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Shot of the Day: Charlie Hebdo, Was This Week’s Cover an Anti-Smoking Message?


The terrible message of the terrorist attack on the French satire magazine in Paris is clear enough. Full Stop. But the message on the cover of the current issue leaves us scratching our dumb American heads. Is it a French thing?

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On Wednesday, in Paris, two terrorists gunned down 12 people (at last count) in an attack on the offices of Charlie Hebdo, a very politically incorrect satire magazine with a history of running covers that make fun of public figures, including some of Prophet Muhammad that have inflamed fundamentalist Muslims.

The massacre, which is believed to have been motivated by the suspects’ Islamist fervor, follows the publication of the cover below, which does not parody Mohammad but does skewer the (in)famous French novelist Michel Houellebecq, who was once widely celebrated as the enfant terrible of French letters. But over the past decade his increasingly virulent anti-Muslim rantings have made him seem to many non-Muslims—including Charlie Hebdo—as a bitter old crank. And of course he is despised by many more Muslims. (Houellebecq announced yesterday that he was stopping his PR for the new novel.)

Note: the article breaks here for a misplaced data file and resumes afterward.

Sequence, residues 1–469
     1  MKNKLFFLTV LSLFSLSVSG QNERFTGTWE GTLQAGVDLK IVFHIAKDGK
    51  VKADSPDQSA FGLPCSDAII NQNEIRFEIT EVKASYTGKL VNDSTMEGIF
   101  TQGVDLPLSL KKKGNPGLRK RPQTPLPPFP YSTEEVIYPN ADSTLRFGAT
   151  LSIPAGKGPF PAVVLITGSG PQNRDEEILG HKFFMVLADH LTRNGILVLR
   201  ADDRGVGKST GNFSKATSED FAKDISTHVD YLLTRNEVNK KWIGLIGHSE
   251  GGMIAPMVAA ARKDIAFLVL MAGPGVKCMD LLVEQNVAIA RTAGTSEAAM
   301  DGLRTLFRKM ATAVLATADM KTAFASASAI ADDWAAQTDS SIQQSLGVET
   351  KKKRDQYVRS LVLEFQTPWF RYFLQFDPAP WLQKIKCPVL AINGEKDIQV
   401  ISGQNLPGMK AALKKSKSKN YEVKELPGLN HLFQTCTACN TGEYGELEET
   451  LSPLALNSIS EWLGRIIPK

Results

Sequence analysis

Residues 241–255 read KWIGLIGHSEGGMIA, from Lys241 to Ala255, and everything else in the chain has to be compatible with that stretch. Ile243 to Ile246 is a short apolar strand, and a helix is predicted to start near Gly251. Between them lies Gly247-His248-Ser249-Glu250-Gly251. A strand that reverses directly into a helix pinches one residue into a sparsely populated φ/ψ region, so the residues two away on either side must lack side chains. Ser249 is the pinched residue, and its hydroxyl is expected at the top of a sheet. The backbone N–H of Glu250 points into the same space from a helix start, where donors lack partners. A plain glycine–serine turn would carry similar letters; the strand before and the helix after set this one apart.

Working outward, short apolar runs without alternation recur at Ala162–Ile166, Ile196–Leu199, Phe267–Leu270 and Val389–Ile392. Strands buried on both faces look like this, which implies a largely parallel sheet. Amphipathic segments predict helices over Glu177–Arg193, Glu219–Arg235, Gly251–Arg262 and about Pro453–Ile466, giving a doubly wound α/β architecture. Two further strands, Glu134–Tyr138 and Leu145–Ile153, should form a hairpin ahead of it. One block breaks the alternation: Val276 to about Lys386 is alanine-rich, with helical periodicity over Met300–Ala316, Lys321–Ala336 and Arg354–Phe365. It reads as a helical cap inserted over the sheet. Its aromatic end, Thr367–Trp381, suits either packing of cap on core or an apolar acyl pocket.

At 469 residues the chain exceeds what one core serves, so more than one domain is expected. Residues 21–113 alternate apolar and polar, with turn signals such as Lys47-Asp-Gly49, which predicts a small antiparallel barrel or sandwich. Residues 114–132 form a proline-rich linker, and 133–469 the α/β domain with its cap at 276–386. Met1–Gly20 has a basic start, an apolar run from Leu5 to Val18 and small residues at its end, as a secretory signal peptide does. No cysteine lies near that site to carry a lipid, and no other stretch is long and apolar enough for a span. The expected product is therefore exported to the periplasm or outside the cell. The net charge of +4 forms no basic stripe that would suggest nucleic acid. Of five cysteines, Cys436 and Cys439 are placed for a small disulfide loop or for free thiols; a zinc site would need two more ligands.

His newest novel, Submission, was published on the day of the attack. In it he imagines how terrible life will be when France is ruled by fundamentalist Muslims.

The Charlie Hebdo cover cartoon is titled “The predictions of the wise man Houellebecq” and reads: “In 2015, I’ll lose my teeth.” And “In 2022, I’ll observe Ramadan.”

Now, we’re the first ones to admit that we just don’t get the satire. Maybe it’s a French thing. Maybe we’re not sophisticated enough. It’s clear that Charlie Hebdo does not think Houellebecq, a well-known chain smoker, is a wise man making serious prophecies.

Are they basically saying he should be a lot more worried about losing his teeth and other health problems related to his addiction to cigarettes than worried about some distant future threat that he is likely not to survive long enough to see?

If so, that anti-smoking message had one hell of an impact. Whether we get it or not, we pay tribute to the Charlie Hebdo staff and others who were murdered on Wednesday. Je suis Charlie!